EDITOR'S NOTE: While this list is extensive, it is not complete and will continue to be updated. Know of any legislation that's not on this list? Let us know here.
- Tennessee could see big moves in the education space during the 2019 legislative session, which began on Jan. 8. Rep. Mark White, R-Memphis, chairs the House Education Committee and, in an interview with Chalkbeat, said testing, vouchers and pre-K were among some of the hot topics he expected to see rise to the surface among the body. He also speculated that dual enrollment and vocational and technical education would be issues to watch.
- Some of White’s predictions have turned out to be true. Rep. Jay Reedy, R-Erin, sponsored a bill that would allocate up to $6,000 per family per year for educational services in the event that they don’t want to pursue a public education for their child. The voucher bill would amend current policy by expanding who can apply for this funding – right now, only public school students’ families are eligible, and Reedy wants to expand this to include private school or homeschooled students.
- Another bill puts power in the hands of local governing bodies when it comes to their superintendents. Under Senate Bill 19, these bodies could choose to mandate an election in retaining a local school superintendent. And if a majority of voters don’t want to retain a superintendent, a school board wouldn’t be allowed to extend his or her contract.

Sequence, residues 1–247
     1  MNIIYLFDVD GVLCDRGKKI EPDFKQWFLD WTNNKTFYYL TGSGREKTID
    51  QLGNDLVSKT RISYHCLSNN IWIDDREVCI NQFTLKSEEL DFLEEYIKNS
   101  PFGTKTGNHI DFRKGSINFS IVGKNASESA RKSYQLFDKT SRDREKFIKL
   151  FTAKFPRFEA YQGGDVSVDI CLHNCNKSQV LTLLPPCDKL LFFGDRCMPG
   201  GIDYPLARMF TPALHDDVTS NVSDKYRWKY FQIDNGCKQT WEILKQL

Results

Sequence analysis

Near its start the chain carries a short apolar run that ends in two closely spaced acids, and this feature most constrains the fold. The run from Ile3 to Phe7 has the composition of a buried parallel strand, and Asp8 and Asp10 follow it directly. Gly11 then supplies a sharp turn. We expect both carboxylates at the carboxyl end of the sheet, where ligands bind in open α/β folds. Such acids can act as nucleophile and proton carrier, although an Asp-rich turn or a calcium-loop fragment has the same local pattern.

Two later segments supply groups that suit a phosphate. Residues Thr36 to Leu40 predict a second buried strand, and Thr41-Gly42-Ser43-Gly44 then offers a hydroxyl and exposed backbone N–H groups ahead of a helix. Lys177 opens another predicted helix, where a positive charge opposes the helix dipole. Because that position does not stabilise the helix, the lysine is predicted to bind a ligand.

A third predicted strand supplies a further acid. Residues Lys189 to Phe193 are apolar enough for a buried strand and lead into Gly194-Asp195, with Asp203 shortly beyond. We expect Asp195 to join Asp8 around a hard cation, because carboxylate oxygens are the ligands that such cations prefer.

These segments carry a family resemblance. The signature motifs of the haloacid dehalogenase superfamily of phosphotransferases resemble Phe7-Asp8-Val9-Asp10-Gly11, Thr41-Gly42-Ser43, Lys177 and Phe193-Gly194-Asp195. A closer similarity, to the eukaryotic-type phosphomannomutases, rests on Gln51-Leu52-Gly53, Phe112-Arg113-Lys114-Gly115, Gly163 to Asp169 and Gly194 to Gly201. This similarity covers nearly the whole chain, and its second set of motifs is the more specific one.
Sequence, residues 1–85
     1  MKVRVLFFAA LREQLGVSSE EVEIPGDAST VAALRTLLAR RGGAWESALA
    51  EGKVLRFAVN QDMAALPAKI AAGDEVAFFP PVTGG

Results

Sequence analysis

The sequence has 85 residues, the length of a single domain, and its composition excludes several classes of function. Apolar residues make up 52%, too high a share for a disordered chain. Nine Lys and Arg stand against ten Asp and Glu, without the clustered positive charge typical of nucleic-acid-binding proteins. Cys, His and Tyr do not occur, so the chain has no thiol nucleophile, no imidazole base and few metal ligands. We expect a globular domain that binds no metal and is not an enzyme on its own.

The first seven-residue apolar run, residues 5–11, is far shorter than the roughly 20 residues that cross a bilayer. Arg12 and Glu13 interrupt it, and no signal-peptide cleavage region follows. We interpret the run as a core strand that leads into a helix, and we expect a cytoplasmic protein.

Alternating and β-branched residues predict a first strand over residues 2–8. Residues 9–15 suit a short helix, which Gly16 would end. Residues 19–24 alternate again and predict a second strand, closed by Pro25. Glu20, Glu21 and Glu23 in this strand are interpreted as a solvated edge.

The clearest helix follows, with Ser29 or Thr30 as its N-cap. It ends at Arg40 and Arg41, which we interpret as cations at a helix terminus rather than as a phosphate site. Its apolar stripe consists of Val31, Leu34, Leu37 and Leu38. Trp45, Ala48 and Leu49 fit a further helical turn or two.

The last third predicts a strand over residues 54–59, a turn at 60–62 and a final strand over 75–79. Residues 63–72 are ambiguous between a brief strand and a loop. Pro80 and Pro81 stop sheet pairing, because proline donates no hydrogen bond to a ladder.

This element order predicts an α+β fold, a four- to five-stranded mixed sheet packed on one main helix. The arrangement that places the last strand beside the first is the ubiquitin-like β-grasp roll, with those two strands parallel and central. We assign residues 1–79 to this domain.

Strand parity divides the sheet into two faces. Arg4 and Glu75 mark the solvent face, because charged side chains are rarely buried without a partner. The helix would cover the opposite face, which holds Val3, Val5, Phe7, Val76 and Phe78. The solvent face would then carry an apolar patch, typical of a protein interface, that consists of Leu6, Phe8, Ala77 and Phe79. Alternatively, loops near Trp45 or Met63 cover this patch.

- But to be on the school board, another potential law comes into play. According to House Bill 19, relatives of a school superintendent, school board member or central office staff member would automatically be deemed ineligible to serve on a local school board.
- One lawmaker, Rep. Antonio Parkinson, D-Memphis, said he's drafting legislation that would create a code of conduct that parents, in addition to students and staff, would have to follow if they come to campus.
- In addition, within the first week of the session, a bill was filed that would legalize sports betting and, in doing so, local schools would get some of the money made.
- And, as is the case in many states, it’s likely the legislature will debate the level of education funding and whether it’s enough to adequately educate its students.